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Baldrey: Making sense of B.C.'s 35 new provincial electoral ridings

Political columnist Keith Baldrey explains how the new electoral areas "speak volumes" to the province's growth in the last 40 years.
The Burnaby-New Westminster provincial electoral riding for the 2024 B.C. election.

Elections BC has begun sending voters information about the changes to the provincial electoral map in preparation for the October election, and they are bound to cause some confusion.

The names of 35 ridings have been changed, some of them for somewhat mysterious reasons. Six new ridings have been added in areas of high population growth: Langley, Surrey, Vancouver, Burnaby, the Capital and Kelowna.

Burnaby will now have five ridings, with the riding formerly known as Burnaby-Edmonds changing to Burnaby-New Westminster. The Burnaby-Edmonds name (I grew up in that riding) was almost 60 years old and first appeared on a ballot in the 1966 election.

The only Burnaby riding retaining its name is Burnaby North. There are four new names (Central, East, New Westminster and South-Metrotown) that will be attached to the Burnaby name.

Two historical riding names are disappearing or are being modified. New Westminster was the name of a single riding for more than 100 years (it appeared during the first provincial election in 1871) but now it is part of two ridings attached to Burnaby and Coquitlam (the Queensborough area had previously been attached to Richmond).

Further afield, the Kootenays town of Nelson will not be on a ballot for the first time since 1903. It had been called Nelson-Creston since the 1933 vote but will now be called by a far blander name: Kootenay Central.

The commission also made some significant changes to the shape and size of some ridings. A preliminary analysis shows the changes benefit the NDP more than other parties.

For example, if you transpose the 2020 election results onto the new boundaries it shows the ridings of Cowichan Valley (won by the Greens) and Fraser-Nicola (won by the B.C. Liberals) would have gone the NDP’s way.

As well, the new boundaries for West Vancouver-Sea to Sky would have meant the Greens, not the B.C. Liberals, would have won that riding had they existed in 2020. Further to that, boundary changes have slightly improved things for the NDP in some key ridings in which they scored historic breakthrough wins in 2020: Boundary-Similkameen, Vernon, Abbotsford-Mission and both Langley seats.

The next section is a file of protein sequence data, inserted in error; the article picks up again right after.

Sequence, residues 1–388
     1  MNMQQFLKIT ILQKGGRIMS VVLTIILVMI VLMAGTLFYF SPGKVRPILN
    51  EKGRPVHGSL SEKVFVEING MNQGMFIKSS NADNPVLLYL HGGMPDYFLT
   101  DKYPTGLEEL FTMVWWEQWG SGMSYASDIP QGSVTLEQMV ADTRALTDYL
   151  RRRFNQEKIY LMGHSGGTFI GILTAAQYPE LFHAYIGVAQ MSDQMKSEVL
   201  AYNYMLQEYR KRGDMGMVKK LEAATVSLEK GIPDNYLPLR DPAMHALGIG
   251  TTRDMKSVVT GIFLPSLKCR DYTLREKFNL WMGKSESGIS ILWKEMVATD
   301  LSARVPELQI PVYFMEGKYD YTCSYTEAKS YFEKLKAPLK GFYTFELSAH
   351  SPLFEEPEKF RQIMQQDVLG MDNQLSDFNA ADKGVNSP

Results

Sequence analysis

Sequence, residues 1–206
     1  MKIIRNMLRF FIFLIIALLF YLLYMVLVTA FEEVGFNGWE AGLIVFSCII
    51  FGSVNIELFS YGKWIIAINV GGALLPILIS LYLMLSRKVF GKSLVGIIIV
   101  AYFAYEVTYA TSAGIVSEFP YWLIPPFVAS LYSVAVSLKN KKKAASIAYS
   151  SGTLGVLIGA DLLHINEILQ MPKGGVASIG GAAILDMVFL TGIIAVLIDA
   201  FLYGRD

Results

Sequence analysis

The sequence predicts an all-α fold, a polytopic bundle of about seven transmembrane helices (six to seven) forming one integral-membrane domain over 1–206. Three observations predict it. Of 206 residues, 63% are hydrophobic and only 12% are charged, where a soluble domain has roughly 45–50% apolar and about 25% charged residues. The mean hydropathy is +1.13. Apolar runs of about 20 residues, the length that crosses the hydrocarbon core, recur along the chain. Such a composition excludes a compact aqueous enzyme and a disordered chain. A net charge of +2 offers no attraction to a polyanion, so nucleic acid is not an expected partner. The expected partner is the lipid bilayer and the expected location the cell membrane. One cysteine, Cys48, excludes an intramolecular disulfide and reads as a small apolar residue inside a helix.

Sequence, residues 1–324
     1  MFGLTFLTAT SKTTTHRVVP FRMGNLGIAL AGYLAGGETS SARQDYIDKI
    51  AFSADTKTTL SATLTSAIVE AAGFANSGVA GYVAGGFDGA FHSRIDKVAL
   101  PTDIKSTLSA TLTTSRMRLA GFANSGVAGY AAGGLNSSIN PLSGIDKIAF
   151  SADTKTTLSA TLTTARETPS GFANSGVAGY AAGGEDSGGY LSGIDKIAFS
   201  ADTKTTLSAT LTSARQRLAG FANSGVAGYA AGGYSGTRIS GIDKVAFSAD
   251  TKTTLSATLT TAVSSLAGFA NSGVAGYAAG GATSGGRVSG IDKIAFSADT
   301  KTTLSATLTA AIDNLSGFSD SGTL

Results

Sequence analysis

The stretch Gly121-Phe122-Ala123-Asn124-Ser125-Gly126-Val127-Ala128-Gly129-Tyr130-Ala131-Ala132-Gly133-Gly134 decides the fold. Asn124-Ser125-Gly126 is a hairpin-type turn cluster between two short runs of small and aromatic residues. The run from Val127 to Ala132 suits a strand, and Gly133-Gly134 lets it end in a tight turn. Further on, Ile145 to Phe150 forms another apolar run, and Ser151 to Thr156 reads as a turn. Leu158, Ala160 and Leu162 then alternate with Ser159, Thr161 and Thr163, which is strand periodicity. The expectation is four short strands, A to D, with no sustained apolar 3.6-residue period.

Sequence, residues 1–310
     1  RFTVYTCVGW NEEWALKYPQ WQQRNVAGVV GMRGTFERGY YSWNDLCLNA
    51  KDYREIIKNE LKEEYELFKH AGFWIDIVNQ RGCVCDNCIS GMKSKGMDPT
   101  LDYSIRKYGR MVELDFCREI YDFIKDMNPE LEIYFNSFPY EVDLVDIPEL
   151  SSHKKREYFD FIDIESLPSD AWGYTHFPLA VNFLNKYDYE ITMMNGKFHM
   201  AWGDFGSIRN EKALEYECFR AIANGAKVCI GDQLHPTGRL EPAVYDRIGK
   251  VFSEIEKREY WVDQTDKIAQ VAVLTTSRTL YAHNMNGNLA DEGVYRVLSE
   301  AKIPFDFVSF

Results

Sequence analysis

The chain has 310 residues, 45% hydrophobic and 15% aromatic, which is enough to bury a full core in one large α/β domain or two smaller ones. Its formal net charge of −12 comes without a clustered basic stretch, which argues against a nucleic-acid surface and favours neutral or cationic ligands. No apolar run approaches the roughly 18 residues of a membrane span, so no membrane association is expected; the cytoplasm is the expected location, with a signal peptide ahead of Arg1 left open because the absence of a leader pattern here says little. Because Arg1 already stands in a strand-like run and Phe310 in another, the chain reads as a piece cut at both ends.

As well, boundary changes mean the Vancouver-Langara riding, currently held by B.C. United MLA Michael Lee, has narrowed the gap between Lee and the NDP.

The six new seats, had they existed in 2004, would have netted a 4-2 split in favour of the NDP. It would have won the new seats in Surrey, Vancouver, Burnaby and the Capital. The B.C. United Party (then called the B.C. Liberals) would have won the new seats in Langley-Abbotsford and Kelowna.

All in all, the changes benefit the NDP the most and further reflect the growing rural-urban divide in this province.

When I began to cover B.C. politics full-time in the 1980s there were eight ridings in Prince George and northward. Today that number hasn’t changed (although Prince George has been added to a southern riding).

But the changes in the number of ridings in Metro Vancouver speak volumes about how our province has changed over the years.

Not quite 40 years ago, there were 33 ridings in Metro Vancouver. That number has swelled to 52 ridings for the October election, a 58 per cent increase.

The biggest growth, of course, has occurred in Surrey. In 1986, it was a two-seat riding. In October, the city will elect 10 MLAs. Electoral map changes tell us a lot.

Keith Baldrey is chief political reporter for Global BC.